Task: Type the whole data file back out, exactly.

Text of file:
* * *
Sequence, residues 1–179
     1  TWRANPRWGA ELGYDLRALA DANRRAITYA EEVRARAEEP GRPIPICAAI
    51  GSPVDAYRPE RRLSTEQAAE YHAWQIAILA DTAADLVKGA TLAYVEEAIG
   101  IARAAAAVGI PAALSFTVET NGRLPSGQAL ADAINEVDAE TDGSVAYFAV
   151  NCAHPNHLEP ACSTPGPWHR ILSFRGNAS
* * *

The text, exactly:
Sequence, residues 1–179
     1  TWRANPRWGA ELGYDLRALA DANRRAITYA EEVRARAEEP GRPIPICAAI
    51  GSPVDAYRPE RRLSTEQAAE YHAWQIAILA DTAADLVKGA TLAYVEEAIG
   101  IARAAAAVGI PAALSFTVET NGRLPSGQAL ADAINEVDAE TDGSVAYFAV
   151  NCAHPNHLEP ACSTPGPWHR ILSFRGNAS